A new study looking at the genomes of more than 13,000 men identified four new genetic variants associated with an increased risk of testicular cancer, the most commonly diagnosed type in young men today. The findings from this first-of-its-kind meta-analysis were reported online May 12 in Nature Genetics by researchers at the Perelman School of Medicine at the University of Pennsylvania.
The discovery of these genetic variations - chromosomal “typos,” so to speak - could ultimately help researchers better understand which men are at high risk and allow for early detection or prevention of the disease.
“As we continue to cast a wider net, we identify additional genetic risk factors, which point to new mechanisms for disease,” said Katherine L. Nathanson, MD, associate professor in the division of Translational Medicine and Human Genetics within the department of Medicine. “Certain chromosomal regions, what we call loci, are tied into testicular cancer susceptibility, and represent a promising path to stratifying patients into risk groups - for a disease we know is highly heritable.”
Tapping into three genome-wide association studies (GWAS), the researchers, including Peter A. Kanetsky, PhD, MPH, an associate professor in the department of Biostatistics and Epidemiology, analyzed 931 affected individuals and 1,975 controls and confirmed the results in an additional 3,211 men with cancer and 7,591 controls. The meta-analysis revealed that testicular germ cell tumor (TGCT) risk was significantly associated with markers at four loci - 4q22, 7q22, 16q22.3, and 17q22, none of which have been identified in other cancers. Additionally, these loci pose a higher risk than the vast majority of other loci identified for some common cancers, such as breast and prostate.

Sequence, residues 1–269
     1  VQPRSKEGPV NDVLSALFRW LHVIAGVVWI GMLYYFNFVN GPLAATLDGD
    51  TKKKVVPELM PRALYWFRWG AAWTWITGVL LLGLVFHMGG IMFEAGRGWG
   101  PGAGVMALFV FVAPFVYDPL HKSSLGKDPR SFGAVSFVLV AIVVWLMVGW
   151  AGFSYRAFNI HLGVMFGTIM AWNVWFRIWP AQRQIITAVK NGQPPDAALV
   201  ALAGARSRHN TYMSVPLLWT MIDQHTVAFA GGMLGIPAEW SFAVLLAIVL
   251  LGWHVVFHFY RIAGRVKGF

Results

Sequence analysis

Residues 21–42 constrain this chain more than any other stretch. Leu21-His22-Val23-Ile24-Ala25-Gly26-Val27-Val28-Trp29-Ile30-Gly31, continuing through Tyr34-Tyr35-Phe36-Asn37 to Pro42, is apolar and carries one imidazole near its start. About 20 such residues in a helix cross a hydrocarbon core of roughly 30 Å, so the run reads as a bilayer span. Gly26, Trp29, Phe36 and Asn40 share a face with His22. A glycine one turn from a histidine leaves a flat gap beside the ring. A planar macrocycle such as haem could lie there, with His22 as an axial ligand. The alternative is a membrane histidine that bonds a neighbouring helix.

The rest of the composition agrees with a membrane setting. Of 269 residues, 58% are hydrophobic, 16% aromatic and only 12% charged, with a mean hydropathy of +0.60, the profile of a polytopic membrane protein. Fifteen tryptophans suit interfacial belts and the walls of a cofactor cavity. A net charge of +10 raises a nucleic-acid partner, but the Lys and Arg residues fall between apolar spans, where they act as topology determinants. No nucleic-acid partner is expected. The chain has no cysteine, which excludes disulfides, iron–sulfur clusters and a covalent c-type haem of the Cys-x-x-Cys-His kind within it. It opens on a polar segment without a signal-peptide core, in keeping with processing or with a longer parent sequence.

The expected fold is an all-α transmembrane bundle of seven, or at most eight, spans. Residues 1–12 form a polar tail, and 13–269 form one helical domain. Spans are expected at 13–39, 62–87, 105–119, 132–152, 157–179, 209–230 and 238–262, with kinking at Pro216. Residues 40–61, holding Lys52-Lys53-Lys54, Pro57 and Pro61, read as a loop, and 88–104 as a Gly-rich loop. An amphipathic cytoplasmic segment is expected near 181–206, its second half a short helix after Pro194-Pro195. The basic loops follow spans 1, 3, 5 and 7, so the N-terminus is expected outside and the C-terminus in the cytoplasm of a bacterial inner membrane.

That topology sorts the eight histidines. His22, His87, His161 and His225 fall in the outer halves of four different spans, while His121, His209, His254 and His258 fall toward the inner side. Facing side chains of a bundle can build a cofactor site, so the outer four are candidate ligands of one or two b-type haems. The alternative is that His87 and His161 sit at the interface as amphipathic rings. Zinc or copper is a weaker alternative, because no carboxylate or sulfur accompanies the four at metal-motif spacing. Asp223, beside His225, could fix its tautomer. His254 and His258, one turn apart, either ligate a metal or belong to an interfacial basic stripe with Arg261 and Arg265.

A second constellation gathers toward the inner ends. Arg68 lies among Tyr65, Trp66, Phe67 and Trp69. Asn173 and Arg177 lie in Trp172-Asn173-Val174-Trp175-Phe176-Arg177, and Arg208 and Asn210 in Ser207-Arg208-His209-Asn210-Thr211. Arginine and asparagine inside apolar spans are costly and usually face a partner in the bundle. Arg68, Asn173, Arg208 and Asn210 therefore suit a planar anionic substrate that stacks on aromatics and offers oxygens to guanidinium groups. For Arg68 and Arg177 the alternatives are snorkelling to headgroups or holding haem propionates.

This brings the number of genomic regions associated with testicular cancer up to 17 - including eight new ones reported in another study in this issue of Nature Genetics.
Testicular cancer is relatively rare; however, incidence rates have doubled in the past 40 years. It is also highly heritable. If a man has a father or son with testicular cancer, he has a four-to six-fold higher risk of developing it compared to a man with no family history. That increases to an eight-to 10-fold higher risk if the man has a brother with testicular cancer.
Factors that may increase your risk of testicular cancer include:
An undescended testicle (cryptorchidism). The testes form in the abdominal area during fetal development and usually descend into the scrotum before birth. Men who have a testicle that never descended are at greater risk of testicular cancer in either testicle than are men whose testicles descended normally. The risk remains even if the testicle has been surgically relocated to the scrotum. Still, the majority of men who develop testicular cancer don’t have a history of undescended testicles.
Abnormal testicle development. Conditions that cause testicles to develop abnormally, such as Klinefelter’s syndrome, may increase your risk of testicular cancer.
Family history. If family members have had testicular cancer, you may have an increased risk.